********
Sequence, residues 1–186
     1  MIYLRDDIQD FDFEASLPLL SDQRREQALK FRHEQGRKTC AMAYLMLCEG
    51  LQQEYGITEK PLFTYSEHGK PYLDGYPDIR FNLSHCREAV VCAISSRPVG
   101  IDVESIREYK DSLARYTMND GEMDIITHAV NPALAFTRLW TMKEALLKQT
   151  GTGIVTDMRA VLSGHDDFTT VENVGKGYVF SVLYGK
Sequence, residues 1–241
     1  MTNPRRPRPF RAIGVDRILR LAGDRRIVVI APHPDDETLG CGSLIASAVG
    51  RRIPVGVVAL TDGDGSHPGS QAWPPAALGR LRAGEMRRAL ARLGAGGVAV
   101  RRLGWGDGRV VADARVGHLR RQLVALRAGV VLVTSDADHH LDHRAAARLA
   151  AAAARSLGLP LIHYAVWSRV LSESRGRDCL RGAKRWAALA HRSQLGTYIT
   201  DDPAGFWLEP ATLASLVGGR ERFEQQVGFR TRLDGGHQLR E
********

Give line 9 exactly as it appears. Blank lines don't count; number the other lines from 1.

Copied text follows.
   101  RRLGWGDGRV VADARVGHLR RQLVALRAGV VLVTSDADHH LDHRAAARLA